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In the wake of allegations that the data collected from the issuance of Public Services Cards (PSC) were kept unlawfully, the State is braced for a series of demands for damages.

The Data Protection Commission (DPC) published a report revealing that the retention of data collected during the application process was illegal and unauthorized, as well as the duty on the general public to have the card for the use of services provided by the State.

In Ireland, a number of civil society groups are said to be mulling over the prospect of bringing legal action in the class-action style. Age Action protested against its use when the card was first launched advocacy groups including Digital Rights Ireland, the Irish Civil Liberties Council, the UN’s special rapporteur on extreme poverty.

The DPC inquiry conducted an official investigation which found that the PSC scheme process was at odds with data protection laws as a result of the insufficient quality of information provided to data subjects by the Department of Social Welfare. Because of this data held on more than three million card holders, data collection must now be destroyed by the Department, rather than discontinuing the public body providing the service within a defined time frame, or some enforcement action may be imposed. 

“Ultimately, we were struck by the extent to which the scheme, as implemented in practice, is far-removed from its original concept. Whereas the scheme was conceived as one that would make it easier to access (and deliver) public services, with chip-and-pin type cards being used for actual card-based transactions, the true position is that no public sector body has invested in the technology capable of reading the chip that contains the encrypted elements of the Public Sector Identity data set. Instead, the card has been reduced to a limited form of photo-ID, for which alternative uses have then had to be found.” said the DPC.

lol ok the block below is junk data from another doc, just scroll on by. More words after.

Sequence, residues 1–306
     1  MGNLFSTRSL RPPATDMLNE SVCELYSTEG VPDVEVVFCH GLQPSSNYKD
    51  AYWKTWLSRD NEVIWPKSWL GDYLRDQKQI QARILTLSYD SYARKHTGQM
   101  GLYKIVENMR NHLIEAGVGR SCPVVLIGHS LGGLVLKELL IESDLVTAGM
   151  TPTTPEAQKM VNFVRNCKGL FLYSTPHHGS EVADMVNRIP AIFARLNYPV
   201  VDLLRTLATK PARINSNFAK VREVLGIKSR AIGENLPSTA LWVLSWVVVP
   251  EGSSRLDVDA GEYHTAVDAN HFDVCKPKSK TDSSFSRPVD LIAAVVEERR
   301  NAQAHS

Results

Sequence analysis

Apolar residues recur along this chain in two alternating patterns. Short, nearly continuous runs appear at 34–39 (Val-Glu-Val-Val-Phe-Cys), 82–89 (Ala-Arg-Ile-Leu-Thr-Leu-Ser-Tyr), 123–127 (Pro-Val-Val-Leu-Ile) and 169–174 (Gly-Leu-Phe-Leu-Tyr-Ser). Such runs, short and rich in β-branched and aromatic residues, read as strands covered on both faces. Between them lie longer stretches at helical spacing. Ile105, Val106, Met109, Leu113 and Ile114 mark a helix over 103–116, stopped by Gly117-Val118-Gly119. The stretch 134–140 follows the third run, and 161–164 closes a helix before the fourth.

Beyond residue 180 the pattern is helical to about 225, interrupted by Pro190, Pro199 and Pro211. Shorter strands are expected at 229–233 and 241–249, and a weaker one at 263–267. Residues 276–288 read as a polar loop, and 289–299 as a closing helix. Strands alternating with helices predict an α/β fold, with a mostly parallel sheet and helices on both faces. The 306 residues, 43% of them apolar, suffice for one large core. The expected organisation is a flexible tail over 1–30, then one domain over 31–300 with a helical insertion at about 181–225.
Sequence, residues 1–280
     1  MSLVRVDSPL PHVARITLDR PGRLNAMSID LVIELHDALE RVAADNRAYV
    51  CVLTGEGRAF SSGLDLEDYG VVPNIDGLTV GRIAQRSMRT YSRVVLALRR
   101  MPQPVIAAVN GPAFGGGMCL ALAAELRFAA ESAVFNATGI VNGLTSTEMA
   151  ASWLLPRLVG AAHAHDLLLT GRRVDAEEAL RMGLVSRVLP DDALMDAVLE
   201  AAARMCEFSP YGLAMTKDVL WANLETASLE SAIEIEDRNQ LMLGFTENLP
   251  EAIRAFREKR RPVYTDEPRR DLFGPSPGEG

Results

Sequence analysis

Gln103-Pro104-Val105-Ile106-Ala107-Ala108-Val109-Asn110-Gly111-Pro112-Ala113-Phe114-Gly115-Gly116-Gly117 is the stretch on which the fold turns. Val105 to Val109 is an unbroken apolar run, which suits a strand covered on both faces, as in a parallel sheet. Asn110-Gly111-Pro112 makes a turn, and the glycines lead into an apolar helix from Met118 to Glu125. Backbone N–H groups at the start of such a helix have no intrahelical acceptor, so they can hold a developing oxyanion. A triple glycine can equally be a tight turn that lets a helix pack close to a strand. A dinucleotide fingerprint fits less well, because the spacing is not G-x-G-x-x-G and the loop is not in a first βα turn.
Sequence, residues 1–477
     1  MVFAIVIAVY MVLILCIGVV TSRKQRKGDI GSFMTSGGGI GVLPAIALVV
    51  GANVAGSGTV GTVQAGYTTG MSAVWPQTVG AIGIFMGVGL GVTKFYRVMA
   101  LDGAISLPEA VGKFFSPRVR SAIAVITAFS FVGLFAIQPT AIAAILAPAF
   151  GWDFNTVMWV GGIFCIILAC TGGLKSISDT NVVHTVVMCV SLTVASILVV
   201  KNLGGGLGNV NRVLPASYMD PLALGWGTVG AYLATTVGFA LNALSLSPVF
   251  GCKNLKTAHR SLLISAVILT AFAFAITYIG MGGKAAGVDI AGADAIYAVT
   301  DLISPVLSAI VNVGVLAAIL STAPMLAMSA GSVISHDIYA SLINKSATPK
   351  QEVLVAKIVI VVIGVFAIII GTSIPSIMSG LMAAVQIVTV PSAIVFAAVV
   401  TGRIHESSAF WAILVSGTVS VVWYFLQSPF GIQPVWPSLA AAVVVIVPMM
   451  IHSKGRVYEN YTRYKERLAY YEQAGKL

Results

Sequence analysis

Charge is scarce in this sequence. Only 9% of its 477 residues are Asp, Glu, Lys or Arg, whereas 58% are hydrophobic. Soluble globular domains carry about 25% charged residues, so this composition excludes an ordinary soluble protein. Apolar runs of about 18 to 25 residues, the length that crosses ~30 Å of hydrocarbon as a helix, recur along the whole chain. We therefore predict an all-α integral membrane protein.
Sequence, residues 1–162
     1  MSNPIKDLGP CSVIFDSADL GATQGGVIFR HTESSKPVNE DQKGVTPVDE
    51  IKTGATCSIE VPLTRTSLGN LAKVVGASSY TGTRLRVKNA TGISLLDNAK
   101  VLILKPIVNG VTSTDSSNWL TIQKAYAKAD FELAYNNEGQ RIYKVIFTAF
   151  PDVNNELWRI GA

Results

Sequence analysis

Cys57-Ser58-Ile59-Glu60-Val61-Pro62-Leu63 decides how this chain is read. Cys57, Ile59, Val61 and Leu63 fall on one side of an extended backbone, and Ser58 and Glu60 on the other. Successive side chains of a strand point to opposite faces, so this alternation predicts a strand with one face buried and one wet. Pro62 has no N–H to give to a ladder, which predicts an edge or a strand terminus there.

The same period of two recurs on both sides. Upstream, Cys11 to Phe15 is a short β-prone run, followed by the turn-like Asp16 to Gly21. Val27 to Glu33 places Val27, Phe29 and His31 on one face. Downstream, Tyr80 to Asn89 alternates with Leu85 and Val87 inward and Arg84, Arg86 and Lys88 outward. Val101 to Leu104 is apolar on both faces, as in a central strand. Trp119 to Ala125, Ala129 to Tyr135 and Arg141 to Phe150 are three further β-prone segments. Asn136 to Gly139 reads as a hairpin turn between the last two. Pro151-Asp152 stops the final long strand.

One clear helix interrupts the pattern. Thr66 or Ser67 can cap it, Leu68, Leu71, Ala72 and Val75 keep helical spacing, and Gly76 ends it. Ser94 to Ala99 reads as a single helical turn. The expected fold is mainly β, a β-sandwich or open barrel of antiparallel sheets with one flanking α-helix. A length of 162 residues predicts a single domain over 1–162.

Commissioner for Data Protection Helen Dixon said, regarding the validity of the PSC: “Ultimately, we were struck by the extent to which the scheme, as implemented in practice, is far-removed from its original concept. Whereas the scheme was conceived as one that would make it easier to access (and deliver) public services, with chip-and-pin type cards being used for actual card-based transactions, the true position is that no public sector body has invested in the technology capable of reading the chip that contains the encrypted elements of the Public Sector Identity data set. Instead, the card has been reduced to a limited form of photo-ID, for which alternative uses have then had to be found.”

Ms Dixon demanded that the Department release in the Public Services Car the full details of the investigation report

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